Aleksei blinked twice. His mind had two trains of thought. The first, he would grab Chekhov by the collar, and serve him a solid right hook. The other, was an overwhelming sense of curiosity about how the scene had come about.
The fog in Mashka’s mind melted away as she woke up. The Czech changed to a stunned Aleksei, and the hooded creature became a panicked and confused Chekhov.
“What happened?” she asked, wondering why on earth she found herself in such a compromising position. “Get off,” she casually ordered.
Chekhov scrambled up, “Umm, err,” he murmured, scratching the back of his head. “Well, ah, you see, it’s a funny thing, um-”
Before Chekhov could stutter anymore, Aleksei smacked a fist into his palm as realisation spread across his face, looking at the dishevelled bed, the knocked over coffee table, and the scattered cushions. “I’m guessing you had a nightmare,” then he nodded towards Chekhov. “He went to wake you up. You were surprised, and lashed out, leading to the awkward, and vaguely amusing, situation we have before us. Now we should forget it ever happened and avoid further discomfort.”
Chekhov sighed, relieved at Aleksei’s intuition. He was about to apologise to Mashka, but she was too preoccupied to pay any further attention.
She looked up at the mirror on the wall, glad to see her face was normal. 'Why do they frighten me so much?' she pondered, 'And am I just another monster?'
“Well,” Chekhov cleared his throat, “I got in contact with an old friend of mine. He works on the railway and can arrange for a passenger suite on a train to Karelia.”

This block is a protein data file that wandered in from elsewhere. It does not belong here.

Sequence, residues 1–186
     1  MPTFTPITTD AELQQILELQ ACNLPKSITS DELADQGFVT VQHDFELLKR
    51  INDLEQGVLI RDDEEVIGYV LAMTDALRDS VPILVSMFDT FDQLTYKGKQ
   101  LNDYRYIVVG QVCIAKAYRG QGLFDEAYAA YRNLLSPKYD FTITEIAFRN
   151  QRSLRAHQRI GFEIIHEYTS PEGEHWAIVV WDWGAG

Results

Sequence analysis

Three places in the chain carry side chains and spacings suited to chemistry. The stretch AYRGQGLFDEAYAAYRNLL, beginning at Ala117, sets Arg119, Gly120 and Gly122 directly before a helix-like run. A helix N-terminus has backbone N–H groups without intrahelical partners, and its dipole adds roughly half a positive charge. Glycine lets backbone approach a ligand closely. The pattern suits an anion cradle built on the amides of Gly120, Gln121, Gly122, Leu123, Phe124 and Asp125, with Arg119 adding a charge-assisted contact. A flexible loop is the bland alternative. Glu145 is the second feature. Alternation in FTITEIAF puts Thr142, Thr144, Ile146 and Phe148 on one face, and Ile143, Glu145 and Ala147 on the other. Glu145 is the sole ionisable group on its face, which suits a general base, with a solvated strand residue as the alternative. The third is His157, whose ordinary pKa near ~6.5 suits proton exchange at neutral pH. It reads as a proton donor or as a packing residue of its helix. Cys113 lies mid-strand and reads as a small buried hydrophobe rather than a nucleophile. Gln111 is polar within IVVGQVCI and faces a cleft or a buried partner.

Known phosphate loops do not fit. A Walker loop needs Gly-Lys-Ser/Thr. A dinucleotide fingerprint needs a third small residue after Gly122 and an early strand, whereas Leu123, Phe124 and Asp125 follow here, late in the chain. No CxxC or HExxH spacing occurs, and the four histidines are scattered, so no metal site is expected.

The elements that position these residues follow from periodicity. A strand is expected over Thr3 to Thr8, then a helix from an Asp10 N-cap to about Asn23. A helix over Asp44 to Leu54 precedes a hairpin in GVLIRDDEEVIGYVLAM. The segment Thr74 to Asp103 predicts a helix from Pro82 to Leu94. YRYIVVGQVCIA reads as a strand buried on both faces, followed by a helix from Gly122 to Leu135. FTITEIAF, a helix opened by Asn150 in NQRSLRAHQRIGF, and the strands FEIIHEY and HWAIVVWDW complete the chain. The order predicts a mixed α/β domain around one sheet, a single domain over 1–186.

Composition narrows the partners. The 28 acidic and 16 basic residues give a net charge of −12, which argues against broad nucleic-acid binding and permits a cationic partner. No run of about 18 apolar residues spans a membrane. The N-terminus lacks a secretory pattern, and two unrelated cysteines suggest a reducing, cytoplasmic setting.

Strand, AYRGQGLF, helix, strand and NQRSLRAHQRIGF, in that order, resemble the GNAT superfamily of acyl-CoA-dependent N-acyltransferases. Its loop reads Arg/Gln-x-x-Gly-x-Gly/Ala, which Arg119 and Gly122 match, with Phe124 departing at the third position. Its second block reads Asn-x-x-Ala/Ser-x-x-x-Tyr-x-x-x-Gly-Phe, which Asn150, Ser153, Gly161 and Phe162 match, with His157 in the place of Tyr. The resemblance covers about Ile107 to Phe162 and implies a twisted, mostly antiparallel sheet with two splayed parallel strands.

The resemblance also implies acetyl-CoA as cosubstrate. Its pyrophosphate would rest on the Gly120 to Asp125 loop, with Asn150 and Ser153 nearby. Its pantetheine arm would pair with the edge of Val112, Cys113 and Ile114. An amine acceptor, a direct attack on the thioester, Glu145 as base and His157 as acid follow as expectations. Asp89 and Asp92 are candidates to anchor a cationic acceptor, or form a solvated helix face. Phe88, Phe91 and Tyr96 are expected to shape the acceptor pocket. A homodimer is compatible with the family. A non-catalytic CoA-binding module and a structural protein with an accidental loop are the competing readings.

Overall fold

“I assume this arrangement accounts for security?” Aleksei inquired.
“As long as we pay in cash, we’ll be fine.” Chekhov replied. “Security is very low and he’s giving us a car near the back. We’ll probably have it all to ourselves.”
“How do we get to the train station from here?” Aleksei asked.
“It’s about thirteen kilometres. You think you’re up to walking that? It’s going to be quiet country road most of the way.”
Mashka nodded, “Could we get a change of clothes, too?”
“Well, as you can see,” Chekhov pointed to Aleksei as he spoke, “your brother already does. But I’m afraid I don’t have any women’s garments in here. I think we’ll find some at the railway’s lost and found.”
“So we’re going to steal them?” Mashka asked.
“You want to have some fresh clothes, right? Besides, they will never be claimed, anyway.”
Mashka reluctantly nodded her consent, since she had no better solution.
After eating breakfast, they all made their way out the door and down the road. Mashka felt a momentary pain and glanced to her left hand. There were one inch claws extending from the fingers. She gripped them tightly and concentrated. The claws sunk back into the fingers and she held the hand to her chest, shuddering. It felt as if a beast was within her, wanting to break out of its cage.
As she gathered her composure once more, the trio walked out into the twilight, even before the sparrow or mockingbird would sing their soulful “good mornings", the path ahead leading them to a new life.